Hurricane Florence Wind and Storm Surge Could Cause Between $3 Billion and $5 Billion in Estimated Insured Property Loss, CoreLogic Analysis Shows

IRVINE, Calif.–CoreLogic® (NYSE: CLGX), a leading global property information, analytics and data-enabled solutions provider, today released data analysis showing insured property losses for both residential and now commercial properties from Hurricane Florence. This new analysis estimates between $3 billion and $5 billion in losses which has been expanded to include wind and storm surge. This does not include insured losses related to rainfall, riverine or other flooding since the full rainfall footprint is an element in factoring total losses. Hurricane Florence is expected to make landfall along the North Carolina and South Carolina coasts. In particular, 250,000 homes in North Carolina are projected to be affected by the hurricane.

The following numbers have been refined based on the September 13, 8am PDT National Hurricane Center (NHC) track of the storm and the cone of uncertainty.

The table above shows the estimates for commercial and residential insured property losses by state in North Carolina and South Carolina. It does not include National Flood Insurance Program (NFIP) inland flood losses (only storm surge related NFIP flood losses) as it is too soon to tell what the potential rainfall, riverine, and other flooding will amount to in order to tabulate losses for that peril.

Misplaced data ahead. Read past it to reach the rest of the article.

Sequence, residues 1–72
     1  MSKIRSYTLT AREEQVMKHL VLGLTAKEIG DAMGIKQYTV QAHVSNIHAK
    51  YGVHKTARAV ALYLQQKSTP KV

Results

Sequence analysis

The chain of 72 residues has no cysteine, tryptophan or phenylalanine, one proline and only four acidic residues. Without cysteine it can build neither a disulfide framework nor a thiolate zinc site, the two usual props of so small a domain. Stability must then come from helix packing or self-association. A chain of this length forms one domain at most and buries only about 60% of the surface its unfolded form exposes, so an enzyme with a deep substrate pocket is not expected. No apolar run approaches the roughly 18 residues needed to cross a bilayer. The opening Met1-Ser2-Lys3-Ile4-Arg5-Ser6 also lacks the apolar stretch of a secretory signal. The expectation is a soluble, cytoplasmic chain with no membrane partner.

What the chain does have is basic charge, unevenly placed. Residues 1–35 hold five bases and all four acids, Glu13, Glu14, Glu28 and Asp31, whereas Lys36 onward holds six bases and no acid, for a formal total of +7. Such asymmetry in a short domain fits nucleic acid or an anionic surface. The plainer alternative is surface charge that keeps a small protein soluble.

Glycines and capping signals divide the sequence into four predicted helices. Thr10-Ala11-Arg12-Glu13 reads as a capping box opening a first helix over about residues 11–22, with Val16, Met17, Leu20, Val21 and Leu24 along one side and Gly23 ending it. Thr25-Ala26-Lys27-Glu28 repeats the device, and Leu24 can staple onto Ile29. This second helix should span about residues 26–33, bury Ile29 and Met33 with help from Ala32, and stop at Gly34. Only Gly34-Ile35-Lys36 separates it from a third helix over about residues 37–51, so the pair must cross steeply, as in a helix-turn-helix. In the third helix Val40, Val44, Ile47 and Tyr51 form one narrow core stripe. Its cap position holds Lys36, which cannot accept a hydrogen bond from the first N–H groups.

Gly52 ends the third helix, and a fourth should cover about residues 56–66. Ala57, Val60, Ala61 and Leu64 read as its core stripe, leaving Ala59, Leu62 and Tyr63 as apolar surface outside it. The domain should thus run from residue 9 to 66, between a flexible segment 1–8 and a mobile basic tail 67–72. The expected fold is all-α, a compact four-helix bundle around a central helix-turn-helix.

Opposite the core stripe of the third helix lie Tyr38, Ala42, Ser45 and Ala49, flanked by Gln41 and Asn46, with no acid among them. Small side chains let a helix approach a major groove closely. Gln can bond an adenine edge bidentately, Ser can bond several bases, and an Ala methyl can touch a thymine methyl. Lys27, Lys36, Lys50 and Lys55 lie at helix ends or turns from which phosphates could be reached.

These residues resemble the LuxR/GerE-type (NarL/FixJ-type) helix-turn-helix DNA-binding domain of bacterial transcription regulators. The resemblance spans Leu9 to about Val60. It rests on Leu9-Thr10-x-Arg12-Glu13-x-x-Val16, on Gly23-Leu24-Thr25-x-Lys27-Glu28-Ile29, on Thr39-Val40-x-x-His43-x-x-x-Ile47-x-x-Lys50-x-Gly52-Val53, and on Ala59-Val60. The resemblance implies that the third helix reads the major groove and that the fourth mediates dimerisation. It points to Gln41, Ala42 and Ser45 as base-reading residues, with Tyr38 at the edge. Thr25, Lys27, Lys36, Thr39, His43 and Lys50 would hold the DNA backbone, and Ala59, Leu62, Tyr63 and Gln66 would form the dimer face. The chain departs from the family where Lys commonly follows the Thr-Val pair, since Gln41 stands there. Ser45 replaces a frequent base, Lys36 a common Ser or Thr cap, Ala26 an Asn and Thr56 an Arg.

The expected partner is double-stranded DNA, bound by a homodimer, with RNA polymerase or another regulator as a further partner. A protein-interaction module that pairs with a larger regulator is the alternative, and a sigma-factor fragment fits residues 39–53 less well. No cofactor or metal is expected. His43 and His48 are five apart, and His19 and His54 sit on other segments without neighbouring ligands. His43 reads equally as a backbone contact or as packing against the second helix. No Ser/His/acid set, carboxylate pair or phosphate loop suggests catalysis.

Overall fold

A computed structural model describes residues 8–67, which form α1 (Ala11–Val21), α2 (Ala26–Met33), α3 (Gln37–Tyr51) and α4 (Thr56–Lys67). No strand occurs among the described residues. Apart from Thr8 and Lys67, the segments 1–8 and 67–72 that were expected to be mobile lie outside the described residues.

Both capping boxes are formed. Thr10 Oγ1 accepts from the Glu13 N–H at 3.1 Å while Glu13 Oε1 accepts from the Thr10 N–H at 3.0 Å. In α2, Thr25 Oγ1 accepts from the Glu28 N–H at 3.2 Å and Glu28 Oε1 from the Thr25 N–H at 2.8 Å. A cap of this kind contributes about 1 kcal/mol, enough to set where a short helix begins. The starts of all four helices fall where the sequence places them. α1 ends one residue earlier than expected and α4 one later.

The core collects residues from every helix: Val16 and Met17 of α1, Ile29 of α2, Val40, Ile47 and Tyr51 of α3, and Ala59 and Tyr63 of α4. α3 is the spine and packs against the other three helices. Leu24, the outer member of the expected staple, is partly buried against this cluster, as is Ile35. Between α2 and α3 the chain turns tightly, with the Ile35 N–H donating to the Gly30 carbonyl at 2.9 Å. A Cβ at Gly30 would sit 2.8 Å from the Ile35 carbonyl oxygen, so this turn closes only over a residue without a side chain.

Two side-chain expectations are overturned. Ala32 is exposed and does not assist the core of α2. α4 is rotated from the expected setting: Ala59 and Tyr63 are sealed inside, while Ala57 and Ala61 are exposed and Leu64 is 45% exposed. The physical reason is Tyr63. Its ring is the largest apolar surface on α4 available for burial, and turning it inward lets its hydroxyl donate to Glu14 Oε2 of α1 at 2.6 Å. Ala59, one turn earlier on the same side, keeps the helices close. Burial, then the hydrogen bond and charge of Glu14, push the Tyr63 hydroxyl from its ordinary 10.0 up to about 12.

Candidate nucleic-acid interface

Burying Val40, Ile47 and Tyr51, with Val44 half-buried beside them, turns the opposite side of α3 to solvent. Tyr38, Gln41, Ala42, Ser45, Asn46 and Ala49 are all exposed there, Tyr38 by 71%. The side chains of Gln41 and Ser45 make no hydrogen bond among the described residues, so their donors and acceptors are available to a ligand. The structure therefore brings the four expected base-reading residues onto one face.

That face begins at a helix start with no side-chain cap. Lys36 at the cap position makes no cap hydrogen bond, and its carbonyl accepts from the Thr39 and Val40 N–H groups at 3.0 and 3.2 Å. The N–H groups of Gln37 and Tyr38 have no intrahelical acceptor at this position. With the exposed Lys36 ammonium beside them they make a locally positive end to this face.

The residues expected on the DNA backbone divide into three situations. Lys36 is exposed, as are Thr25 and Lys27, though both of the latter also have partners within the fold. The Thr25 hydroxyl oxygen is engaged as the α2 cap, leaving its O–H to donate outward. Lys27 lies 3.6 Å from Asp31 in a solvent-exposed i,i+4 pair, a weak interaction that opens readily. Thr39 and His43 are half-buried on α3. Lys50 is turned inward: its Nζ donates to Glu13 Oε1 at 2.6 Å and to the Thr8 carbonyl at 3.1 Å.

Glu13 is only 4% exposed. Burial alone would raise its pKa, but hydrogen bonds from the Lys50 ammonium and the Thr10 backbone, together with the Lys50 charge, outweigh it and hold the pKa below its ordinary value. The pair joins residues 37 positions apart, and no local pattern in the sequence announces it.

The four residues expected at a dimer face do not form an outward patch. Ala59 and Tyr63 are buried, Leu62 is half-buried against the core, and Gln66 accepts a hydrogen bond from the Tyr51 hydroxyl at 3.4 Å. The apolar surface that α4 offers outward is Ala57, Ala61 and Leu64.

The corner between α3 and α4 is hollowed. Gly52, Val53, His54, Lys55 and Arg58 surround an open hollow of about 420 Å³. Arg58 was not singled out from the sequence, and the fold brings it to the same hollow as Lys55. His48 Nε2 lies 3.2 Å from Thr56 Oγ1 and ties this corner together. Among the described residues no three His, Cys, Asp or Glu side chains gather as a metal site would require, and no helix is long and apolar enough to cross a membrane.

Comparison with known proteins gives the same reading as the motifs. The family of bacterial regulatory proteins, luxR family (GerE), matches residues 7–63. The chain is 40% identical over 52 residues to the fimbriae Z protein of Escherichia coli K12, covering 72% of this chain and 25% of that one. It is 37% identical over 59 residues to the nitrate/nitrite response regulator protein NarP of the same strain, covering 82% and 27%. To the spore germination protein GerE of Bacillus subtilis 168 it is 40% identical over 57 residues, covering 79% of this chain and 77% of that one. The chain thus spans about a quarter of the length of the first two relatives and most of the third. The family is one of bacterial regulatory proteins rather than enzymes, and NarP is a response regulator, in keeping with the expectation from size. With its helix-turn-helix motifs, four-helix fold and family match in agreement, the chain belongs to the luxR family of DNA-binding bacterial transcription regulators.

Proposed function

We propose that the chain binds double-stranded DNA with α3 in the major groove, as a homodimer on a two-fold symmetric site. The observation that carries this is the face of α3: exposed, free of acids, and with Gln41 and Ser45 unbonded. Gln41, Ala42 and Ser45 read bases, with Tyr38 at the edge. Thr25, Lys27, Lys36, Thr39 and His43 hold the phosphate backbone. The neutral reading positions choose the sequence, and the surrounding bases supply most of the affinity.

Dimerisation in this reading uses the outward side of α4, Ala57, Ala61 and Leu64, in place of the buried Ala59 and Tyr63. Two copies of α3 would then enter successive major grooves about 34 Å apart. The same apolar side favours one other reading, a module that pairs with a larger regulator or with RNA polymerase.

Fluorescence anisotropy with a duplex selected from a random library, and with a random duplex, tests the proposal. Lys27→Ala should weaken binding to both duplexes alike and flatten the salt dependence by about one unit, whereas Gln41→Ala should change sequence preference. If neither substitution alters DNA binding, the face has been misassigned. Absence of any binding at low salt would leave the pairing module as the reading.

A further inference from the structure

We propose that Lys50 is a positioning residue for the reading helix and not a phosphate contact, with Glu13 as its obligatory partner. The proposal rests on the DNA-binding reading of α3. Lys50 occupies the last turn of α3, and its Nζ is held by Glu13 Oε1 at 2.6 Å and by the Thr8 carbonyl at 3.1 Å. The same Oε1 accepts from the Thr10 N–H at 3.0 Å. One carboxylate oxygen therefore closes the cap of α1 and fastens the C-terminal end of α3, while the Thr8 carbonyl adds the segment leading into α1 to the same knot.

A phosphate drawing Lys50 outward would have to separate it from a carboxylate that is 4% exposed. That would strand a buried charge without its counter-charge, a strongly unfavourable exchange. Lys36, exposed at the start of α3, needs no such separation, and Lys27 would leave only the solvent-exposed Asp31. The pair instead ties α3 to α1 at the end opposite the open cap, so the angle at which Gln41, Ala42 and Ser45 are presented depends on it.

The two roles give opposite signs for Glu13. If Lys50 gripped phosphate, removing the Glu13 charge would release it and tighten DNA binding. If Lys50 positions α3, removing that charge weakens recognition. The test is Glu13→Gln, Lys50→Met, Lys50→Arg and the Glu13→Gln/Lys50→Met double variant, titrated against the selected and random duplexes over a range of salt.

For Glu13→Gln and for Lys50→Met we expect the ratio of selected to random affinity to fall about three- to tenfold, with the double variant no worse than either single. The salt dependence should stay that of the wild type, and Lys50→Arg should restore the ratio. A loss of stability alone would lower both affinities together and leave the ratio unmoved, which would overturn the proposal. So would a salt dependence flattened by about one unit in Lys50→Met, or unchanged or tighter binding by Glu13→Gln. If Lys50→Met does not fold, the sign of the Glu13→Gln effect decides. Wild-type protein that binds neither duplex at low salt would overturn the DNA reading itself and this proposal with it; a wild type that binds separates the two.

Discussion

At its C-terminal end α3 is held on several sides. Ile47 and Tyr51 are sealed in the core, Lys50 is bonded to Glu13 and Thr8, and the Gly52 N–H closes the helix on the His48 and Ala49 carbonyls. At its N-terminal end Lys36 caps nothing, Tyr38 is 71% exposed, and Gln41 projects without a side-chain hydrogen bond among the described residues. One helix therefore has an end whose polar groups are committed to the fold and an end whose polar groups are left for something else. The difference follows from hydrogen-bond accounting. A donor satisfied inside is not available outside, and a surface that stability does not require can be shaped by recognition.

The number of residential properties indicated in the table above does not consider inland flooding. As Florence moves over land, it is expected to weaken, so some counties won’t experience the full impact of a Category 2 hurricane. This is represented in the table as zero values. Certain counties will experience both Category 1 and Category 2 impacts because the properties closer to the coast are likely to experience stronger winds relative to the more inland properties. In particular, it is expected that South Carolina will not exceed tropical storm force winds based on the projected track and is therefore not included in the table.